This is something I learned from Leslie Kaminoff, who in turn was taught by the modern master of yoga therapy, T.K.V. Desikachar. Don’t yet ask me what the other 10% is as I’m still learning and trying to figure this out (smile). I have a pretty good idea of what it might be.

I attended a 4 hour workshop with Kaminoff a few weeks ago on the anatomy of the breath and I’m now reading his 2nd. ed. of “Yoga Anatomy” with a bit of a different lens that I had read through it in the past. When talking about the breath, Kaminoff puts a lot of emphasis on the exhalation, stating that “if we take care of the exhalation, the inhalation takes care of itself. If we get rid of the unwanted, we make room for what is needed.” (Yoga Anatomy, pg. 8). Interestingly, I don’t think I’ve ever focused on my exhalation as much as on my inhalation in any kind of breathing practice in the past. It’s an interesting paradigm shift for me. Try it. Take five full breaths and focus on eliminating absolutely all of the air from your lungs before allowing any air back in. And I mean all of the air, leaving no residue. See what happens when you inhale.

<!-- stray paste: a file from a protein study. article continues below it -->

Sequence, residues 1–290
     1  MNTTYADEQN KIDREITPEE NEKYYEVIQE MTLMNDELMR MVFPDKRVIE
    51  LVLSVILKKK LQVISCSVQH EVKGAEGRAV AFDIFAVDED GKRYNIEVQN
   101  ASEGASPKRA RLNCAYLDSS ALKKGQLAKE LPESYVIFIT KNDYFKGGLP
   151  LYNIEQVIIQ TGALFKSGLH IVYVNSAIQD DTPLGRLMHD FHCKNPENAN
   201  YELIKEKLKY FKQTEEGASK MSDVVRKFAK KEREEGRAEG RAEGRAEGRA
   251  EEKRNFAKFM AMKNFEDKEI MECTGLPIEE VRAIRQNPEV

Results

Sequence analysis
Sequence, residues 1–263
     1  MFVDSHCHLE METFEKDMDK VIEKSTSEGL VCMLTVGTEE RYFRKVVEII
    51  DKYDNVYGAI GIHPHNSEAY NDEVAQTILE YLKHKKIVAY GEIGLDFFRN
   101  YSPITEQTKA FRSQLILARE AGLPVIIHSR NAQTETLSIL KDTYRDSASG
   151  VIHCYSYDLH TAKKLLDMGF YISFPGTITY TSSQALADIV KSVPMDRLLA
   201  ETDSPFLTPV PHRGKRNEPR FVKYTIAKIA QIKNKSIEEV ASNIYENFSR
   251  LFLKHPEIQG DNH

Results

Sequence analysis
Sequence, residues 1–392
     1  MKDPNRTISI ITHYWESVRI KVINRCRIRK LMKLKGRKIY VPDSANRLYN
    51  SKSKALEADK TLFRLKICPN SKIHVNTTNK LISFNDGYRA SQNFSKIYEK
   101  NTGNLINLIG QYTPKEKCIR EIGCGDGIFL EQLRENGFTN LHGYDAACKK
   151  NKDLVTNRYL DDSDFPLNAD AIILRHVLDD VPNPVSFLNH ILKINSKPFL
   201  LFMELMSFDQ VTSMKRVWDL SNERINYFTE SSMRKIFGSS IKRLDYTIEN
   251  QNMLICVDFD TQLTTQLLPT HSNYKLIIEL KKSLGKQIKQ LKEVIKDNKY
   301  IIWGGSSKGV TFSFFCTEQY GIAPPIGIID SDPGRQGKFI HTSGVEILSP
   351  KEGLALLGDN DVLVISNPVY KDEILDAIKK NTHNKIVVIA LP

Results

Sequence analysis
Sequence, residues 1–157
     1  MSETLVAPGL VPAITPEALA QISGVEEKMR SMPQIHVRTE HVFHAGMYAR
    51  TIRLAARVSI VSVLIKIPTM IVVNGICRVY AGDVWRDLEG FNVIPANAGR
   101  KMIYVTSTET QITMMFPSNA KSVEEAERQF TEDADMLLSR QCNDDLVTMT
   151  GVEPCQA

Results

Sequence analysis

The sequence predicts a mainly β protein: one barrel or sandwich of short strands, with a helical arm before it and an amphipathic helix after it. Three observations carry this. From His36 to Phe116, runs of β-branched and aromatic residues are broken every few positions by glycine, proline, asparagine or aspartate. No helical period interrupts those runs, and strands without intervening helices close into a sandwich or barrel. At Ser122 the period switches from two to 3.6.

What’s with the toilet? Kaminoff and other yoga therapists also place great emphasis on the benefits yoga brings in terms of improved bowel function. In his words, many of us “are literally full of shit”. Learn to breath more efficiently, take in the nutrients that are good for your body, and give your organs a bit of a tune up by releasing some of the blockages and you will poop better, which in turn will have you feel better. Pretty simple. One of the main methodologies of all traditional yoga practice aims to resolve blockages or obstructions, which can include anything that causes pain or suffering, to improve function. By removing and working through anything that causes difficulty, uneasiness, or discomfort, we create space for the good of our own well-being. (Leslie Kaminoff)